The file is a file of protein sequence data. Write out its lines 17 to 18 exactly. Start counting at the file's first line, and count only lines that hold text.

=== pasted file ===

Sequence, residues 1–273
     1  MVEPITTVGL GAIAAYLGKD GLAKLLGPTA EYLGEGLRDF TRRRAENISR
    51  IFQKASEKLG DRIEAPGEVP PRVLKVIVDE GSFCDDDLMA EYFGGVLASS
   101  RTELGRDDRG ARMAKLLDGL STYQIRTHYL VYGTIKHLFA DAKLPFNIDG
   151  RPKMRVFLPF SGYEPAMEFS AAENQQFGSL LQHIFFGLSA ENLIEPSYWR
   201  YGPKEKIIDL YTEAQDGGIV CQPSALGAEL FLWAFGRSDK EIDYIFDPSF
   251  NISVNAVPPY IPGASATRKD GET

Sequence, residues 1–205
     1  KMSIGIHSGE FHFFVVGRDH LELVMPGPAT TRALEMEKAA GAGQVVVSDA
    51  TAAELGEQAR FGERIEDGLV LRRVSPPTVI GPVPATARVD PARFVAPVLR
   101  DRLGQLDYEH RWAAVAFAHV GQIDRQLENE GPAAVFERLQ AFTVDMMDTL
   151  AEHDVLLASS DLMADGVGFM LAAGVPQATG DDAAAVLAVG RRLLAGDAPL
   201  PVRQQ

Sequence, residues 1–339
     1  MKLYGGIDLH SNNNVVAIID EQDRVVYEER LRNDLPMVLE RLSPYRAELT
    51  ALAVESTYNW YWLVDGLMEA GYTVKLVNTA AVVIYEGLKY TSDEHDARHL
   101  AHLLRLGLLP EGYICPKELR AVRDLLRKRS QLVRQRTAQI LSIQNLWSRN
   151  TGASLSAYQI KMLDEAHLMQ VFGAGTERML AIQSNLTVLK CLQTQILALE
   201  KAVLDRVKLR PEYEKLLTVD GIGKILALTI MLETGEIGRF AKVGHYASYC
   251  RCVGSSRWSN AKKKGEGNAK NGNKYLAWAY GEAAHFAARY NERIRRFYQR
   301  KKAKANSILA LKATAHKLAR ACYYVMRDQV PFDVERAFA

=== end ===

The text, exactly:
   101  AHLLRLGLLP EGYICPKELR AVRDLLRKRS QLVRQRTAQI LSIQNLWSRN
   151  TGASLSAYQI KMLDEAHLMQ VFGAGTERML AIQSNLTVLK CLQTQILALE